Japan's Mobile Tech Too Quirky To Succeed Overseas?

Dianne See Morrison
Tuesday, August 19, 2008; 6:00 AM

For all of the cutting edge mobile technology that Japanese consumers have routine access to, surprisingly little of it has made its way outside of the country. Its government, however, wants to change this, and will begin an "aggressive push" to market the technology overseas, reports AP.

One of the big questions, however, is how much of the country's technology can be exported. In Japan, it's common to have high-speed access to the web, to watch and record TV broadcasts, and to pay using a mobile phone. But as Masayuki Ito, official at the Ministry of Internal Affairs and Communications acknowledged, "Some critics say Japanese mobile technology tends to be quirky like the Galapagos Islands," that is, the country's isolation has given it very domestic-specific technology.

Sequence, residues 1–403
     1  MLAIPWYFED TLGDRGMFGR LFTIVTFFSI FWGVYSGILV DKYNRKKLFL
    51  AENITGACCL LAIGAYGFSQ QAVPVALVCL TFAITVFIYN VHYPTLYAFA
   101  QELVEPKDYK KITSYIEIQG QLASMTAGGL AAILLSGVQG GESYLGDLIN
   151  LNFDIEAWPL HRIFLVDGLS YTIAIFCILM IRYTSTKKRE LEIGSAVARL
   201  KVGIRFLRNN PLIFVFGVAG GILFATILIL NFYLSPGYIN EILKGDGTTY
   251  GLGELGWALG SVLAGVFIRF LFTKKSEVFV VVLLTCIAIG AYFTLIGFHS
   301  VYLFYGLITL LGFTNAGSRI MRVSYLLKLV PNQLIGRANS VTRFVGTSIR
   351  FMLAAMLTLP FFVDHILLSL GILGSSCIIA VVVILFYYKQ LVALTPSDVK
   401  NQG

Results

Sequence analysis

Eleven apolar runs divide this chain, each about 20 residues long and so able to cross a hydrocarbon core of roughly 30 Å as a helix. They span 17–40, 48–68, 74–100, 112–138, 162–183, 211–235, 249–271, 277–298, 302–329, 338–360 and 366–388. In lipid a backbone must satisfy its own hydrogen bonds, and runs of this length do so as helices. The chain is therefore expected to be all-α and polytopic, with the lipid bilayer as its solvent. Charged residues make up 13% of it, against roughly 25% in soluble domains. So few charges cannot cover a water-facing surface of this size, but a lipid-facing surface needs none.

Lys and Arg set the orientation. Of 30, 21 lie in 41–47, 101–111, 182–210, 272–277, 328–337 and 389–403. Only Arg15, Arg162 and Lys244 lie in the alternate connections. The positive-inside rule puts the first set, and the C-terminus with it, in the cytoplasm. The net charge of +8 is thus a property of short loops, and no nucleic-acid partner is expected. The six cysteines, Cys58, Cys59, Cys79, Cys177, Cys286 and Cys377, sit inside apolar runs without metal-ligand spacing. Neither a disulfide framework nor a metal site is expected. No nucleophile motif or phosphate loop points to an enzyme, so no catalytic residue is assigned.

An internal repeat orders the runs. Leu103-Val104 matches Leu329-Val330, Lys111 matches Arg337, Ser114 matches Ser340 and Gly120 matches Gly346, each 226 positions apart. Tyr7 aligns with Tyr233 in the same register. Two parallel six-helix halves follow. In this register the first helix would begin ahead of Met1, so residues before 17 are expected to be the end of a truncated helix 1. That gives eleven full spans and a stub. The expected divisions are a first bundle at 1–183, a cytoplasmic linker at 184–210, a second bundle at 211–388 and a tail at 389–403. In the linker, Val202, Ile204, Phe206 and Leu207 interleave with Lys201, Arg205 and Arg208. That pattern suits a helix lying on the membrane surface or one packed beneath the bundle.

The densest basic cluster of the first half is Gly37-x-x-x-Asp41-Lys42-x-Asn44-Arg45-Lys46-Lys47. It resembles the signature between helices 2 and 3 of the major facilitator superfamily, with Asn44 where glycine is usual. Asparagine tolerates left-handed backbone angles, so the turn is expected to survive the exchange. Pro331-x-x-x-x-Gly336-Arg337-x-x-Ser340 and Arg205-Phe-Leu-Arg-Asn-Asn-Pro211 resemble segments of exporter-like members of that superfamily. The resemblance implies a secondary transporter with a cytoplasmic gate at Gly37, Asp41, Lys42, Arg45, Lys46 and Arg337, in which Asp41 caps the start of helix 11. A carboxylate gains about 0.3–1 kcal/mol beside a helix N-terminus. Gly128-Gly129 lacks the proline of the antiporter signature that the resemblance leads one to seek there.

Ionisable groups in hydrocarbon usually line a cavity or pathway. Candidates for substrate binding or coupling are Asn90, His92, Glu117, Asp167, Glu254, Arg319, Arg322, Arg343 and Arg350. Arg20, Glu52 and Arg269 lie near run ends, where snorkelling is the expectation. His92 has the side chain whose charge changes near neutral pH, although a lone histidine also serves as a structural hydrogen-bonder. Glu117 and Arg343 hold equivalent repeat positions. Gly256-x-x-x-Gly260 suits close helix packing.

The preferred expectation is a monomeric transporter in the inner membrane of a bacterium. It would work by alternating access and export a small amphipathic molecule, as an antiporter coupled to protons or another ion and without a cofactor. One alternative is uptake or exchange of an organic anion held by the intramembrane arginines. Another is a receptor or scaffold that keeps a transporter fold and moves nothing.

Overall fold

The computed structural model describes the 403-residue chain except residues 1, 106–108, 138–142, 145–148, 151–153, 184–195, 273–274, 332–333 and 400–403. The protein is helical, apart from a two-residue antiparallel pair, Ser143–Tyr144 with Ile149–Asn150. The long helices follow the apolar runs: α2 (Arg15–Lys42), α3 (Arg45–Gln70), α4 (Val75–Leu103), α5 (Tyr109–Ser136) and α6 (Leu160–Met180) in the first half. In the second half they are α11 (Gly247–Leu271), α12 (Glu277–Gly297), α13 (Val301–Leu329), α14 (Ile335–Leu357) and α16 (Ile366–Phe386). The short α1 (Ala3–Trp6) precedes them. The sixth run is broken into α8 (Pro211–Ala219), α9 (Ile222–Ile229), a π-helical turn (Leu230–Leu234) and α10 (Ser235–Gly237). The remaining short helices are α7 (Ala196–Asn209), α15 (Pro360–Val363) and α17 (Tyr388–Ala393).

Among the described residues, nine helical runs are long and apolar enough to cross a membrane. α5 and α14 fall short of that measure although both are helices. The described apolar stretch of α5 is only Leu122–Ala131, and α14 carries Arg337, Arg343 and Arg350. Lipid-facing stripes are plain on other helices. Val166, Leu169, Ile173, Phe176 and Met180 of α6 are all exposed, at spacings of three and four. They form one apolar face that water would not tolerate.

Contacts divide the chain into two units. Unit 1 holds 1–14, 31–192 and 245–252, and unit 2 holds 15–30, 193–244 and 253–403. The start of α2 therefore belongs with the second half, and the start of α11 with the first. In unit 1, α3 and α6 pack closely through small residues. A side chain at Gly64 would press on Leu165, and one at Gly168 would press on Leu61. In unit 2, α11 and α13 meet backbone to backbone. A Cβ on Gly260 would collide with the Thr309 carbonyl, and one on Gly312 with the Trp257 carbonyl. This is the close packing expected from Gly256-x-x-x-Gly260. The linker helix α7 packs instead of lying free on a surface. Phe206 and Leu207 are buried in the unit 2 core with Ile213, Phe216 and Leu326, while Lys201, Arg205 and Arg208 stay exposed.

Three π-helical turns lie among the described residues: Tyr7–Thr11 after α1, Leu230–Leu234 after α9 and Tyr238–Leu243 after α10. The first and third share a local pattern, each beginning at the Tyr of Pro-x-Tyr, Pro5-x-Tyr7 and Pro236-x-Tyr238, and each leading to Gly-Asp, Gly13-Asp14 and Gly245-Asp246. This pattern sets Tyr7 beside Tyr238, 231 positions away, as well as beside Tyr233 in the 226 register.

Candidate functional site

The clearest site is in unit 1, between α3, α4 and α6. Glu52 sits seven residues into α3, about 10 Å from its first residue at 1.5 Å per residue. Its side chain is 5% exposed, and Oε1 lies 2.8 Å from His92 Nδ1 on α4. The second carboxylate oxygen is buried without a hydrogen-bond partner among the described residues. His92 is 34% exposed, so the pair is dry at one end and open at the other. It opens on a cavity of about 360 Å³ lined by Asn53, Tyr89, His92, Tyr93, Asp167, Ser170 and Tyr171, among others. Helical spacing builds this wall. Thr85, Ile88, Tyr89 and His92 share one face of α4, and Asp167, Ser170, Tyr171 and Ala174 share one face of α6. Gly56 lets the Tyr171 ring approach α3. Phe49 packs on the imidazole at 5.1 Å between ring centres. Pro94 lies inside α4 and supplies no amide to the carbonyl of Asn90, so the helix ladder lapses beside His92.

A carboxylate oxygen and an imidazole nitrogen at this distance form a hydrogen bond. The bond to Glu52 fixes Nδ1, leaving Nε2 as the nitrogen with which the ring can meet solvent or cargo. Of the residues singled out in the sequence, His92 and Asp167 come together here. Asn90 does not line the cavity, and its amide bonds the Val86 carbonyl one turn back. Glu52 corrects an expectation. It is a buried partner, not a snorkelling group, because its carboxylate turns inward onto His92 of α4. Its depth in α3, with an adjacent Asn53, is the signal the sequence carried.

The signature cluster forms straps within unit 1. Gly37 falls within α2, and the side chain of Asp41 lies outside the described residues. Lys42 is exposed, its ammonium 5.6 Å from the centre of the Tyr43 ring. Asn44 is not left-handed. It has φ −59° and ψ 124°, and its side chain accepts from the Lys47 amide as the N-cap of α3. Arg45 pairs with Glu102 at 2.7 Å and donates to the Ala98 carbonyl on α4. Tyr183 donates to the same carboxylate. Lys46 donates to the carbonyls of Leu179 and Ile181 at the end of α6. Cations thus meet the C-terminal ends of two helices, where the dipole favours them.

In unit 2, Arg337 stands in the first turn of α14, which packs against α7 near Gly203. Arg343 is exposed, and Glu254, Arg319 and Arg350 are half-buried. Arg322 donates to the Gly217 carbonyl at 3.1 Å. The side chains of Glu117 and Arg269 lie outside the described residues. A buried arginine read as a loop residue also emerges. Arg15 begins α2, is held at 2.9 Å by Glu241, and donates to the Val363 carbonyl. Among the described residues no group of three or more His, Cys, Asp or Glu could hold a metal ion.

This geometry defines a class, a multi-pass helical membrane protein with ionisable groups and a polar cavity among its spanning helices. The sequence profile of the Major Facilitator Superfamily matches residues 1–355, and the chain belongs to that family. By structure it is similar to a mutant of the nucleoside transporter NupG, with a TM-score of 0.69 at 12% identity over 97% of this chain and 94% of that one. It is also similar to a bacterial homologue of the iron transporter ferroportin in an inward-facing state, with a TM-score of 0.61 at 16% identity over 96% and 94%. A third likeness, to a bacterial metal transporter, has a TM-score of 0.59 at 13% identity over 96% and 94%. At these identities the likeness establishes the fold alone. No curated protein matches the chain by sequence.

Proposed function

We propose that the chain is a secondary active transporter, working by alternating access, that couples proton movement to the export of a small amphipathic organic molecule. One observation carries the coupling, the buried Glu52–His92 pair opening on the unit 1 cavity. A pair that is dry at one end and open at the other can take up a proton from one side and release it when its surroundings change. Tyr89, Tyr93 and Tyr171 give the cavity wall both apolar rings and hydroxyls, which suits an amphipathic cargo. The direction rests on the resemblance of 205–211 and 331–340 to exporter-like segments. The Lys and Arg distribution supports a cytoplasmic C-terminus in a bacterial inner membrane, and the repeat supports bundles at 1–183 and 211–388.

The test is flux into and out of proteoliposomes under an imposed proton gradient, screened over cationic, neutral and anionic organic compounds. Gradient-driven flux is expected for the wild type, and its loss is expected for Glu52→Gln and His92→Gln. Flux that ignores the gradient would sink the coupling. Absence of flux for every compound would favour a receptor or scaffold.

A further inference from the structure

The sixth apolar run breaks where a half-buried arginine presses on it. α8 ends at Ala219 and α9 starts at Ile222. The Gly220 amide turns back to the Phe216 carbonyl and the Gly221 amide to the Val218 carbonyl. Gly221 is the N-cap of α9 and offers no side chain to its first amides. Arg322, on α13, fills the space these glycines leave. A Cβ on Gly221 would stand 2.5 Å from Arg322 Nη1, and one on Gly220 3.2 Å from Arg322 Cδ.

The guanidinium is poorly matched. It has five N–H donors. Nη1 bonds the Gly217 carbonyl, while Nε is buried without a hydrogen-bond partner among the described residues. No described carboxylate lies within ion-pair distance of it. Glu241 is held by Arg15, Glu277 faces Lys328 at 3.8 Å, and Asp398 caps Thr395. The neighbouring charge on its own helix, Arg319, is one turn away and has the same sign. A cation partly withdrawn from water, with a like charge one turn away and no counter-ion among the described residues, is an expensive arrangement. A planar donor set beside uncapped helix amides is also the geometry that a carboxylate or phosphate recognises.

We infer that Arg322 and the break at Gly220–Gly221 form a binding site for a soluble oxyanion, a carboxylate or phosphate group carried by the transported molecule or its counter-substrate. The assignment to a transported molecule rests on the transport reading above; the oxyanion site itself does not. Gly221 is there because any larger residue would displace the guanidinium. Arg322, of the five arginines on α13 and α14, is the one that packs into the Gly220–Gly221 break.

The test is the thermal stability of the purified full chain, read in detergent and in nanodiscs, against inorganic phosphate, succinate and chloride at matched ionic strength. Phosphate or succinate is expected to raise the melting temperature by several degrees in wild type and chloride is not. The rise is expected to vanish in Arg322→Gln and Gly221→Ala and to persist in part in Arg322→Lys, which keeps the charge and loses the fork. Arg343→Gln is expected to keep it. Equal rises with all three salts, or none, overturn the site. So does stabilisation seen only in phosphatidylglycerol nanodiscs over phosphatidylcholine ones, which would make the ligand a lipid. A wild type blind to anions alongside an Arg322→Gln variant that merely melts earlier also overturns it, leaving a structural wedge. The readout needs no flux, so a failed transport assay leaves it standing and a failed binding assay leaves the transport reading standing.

One of the products Japan hopes to flog is the technology behind the FeliCa wallet phone, which debuted in 2004, and is now a standard feature in most Japanese handsets. Instead of a smart card, which is how most popular mobile phone payments work in Europe, a tiny chip called FeliCa, partly developed by Sony Corp ( NYSE: SNE). is embedded into the phone. Some analysts believe, however, that the success of mobile payments in Japan is down to low credit card use in the country, as well as the popularity of convenience stores and vending machines.

Still, there's little choice for Japanese carriers and manufacturers, who are backing the government initiative. The new campaign comes at a time when the saturated domestic handset market has begun to decline, hurt by carriers who have cut phone subsidies in favor of lower tariffs and better service, and by increasing consumer fatigue over more complex technology.


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